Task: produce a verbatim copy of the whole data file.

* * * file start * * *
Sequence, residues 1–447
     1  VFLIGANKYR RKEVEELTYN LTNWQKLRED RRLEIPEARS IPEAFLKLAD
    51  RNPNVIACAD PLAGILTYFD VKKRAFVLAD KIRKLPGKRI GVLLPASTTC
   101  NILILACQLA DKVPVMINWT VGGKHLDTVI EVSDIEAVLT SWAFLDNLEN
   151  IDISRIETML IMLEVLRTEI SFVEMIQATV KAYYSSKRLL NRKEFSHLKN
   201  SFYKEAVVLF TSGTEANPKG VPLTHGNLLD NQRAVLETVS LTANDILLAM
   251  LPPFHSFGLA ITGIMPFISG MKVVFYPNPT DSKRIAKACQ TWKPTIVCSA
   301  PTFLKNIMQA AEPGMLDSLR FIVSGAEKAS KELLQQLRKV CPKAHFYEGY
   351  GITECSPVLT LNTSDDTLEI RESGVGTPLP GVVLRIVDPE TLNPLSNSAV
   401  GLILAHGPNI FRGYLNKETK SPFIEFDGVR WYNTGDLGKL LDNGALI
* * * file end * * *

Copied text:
Sequence, residues 1–447
     1  VFLIGANKYR RKEVEELTYN LTNWQKLRED RRLEIPEARS IPEAFLKLAD
    51  RNPNVIACAD PLAGILTYFD VKKRAFVLAD KIRKLPGKRI GVLLPASTTC
   101  NILILACQLA DKVPVMINWT VGGKHLDTVI EVSDIEAVLT SWAFLDNLEN
   151  IDISRIETML IMLEVLRTEI SFVEMIQATV KAYYSSKRLL NRKEFSHLKN
   201  SFYKEAVVLF TSGTEANPKG VPLTHGNLLD NQRAVLETVS LTANDILLAM
   251  LPPFHSFGLA ITGIMPFISG MKVVFYPNPT DSKRIAKACQ TWKPTIVCSA
   301  PTFLKNIMQA AEPGMLDSLR FIVSGAEKAS KELLQQLRKV CPKAHFYEGY
   351  GITECSPVLT LNTSDDTLEI RESGVGTPLP GVVLRIVDPE TLNPLSNSAV
   401  GLILAHGPNI FRGYLNKETK SPFIEFDGVR WYNTGDLGKL LDNGALI